Afghanistan now faces a far deeper crisis than many seem to understand. The Taliban have now launched ground offensives to take more territory and to capture the northern city of Kunduz, a city of almost 300,000 that they tried twice last year to seize. If it falls now to the Taliban it would be the first major city they have re-occupied.
Afghanistan’s neighbors, meanwhile, are becoming increasingly restive about the US-led counterinsurgency: Pakistan continues to give sanctuary to the Taliban leadership, including the Haqqani group—the most vicious arm of the Taliban—while Iran and Russia are also providing support (the exact amount is unknown) to the Taliban. These regional powers believe that the Taliban could provide a bulwark against the spread of ISIS into their territories and do not want Pakistan to monopolize influence over the Taliban. They want to limit US power in the region. The influence of ISIS in Afghanistan, which was once relegated to the single eastern province of Nangarhar, is now expanding.
Still, even more dangerous than the deteriorating security situation is the political crisis now unfolding in Kabul. The lack of trust between president Ashraf Ghani and his CEO or prime minister, Abdullah Abdullah, has led to a paralysis in governance and social services. Senior officials in the army and bureaucracy are choosing sides. Many bureaucrats and teachers have not been paid for months due to the lack of funds.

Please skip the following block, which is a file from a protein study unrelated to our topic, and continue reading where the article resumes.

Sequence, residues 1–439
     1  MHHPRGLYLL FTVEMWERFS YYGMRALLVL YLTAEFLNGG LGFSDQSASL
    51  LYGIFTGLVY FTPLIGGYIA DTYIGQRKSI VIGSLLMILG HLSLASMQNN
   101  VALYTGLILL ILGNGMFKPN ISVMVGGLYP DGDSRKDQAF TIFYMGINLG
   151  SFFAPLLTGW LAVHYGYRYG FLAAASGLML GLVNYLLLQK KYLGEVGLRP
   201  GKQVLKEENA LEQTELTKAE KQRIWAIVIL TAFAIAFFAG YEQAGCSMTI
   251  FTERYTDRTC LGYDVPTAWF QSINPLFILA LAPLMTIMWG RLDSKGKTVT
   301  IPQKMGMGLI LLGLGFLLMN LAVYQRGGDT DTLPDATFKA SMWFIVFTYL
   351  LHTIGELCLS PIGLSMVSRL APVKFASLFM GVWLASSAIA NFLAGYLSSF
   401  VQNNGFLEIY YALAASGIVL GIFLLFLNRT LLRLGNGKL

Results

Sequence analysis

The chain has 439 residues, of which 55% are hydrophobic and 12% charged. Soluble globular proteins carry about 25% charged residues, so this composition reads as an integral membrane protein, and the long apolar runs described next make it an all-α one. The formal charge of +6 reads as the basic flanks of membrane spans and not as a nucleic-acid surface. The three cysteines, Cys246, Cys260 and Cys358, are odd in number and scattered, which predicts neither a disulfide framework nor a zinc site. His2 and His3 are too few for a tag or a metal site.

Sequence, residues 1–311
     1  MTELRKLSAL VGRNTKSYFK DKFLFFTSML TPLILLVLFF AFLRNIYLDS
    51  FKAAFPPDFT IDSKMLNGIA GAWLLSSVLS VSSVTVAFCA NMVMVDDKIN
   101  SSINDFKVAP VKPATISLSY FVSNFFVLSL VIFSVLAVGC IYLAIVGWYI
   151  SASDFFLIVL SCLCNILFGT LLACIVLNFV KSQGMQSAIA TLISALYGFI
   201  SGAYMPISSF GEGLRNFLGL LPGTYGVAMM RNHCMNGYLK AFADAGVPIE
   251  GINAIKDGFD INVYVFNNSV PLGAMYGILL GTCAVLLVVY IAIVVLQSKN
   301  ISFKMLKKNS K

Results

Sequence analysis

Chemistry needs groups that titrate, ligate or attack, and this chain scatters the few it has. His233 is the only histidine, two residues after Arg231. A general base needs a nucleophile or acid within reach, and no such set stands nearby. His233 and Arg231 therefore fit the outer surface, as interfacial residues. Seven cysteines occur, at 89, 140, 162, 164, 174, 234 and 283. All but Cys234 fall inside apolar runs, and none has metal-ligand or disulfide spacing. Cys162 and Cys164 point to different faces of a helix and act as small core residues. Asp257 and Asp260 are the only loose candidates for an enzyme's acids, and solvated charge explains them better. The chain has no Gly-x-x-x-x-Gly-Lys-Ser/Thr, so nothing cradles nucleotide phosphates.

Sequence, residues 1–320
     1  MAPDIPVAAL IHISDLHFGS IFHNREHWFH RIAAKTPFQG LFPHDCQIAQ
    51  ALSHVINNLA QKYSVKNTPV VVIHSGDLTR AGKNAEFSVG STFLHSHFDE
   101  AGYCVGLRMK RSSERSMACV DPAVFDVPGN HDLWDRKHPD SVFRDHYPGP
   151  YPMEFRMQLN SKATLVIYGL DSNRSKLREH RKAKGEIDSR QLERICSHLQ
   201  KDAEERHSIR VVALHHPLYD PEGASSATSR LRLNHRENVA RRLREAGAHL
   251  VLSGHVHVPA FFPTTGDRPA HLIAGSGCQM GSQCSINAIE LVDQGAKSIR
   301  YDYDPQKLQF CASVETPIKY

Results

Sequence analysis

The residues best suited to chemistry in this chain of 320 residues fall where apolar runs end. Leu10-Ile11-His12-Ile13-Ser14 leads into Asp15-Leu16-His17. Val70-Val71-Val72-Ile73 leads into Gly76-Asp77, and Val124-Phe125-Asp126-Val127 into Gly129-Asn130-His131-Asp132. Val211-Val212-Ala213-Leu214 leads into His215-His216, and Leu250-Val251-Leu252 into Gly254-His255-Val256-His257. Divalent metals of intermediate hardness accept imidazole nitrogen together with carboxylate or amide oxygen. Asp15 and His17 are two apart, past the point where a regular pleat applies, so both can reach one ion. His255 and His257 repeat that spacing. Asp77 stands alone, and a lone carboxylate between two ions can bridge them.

Ghani is deeply unpopular. Many Afghans now regard the government as illegimate, a regime that would not survive at all if it were not propped up by the US and NATO, who jointly have some 13,000 troops in the country. Two years ago the US brokered a coalition government between Ghani and his rival Abdullah Abdullah in order to paper over a heavily rigged election. (It was rigged by both candidates and the two candidates bickered for months about who actually won, before the Americans stepped in.)
But Ghani, a Pashtun, has never fully shared power with Abdullah, a Tajik, and has been accused of stuffing the government with his fellow Pashtuns.
Until now, Western forces have been able to keep the government in power by financing the budget and paying salaries and maintaining the Afghan army in the field. But it has become increasingly difficult, with the Taliban advancing in many parts of the country making US and NATO forces look increasingly irrelevant.
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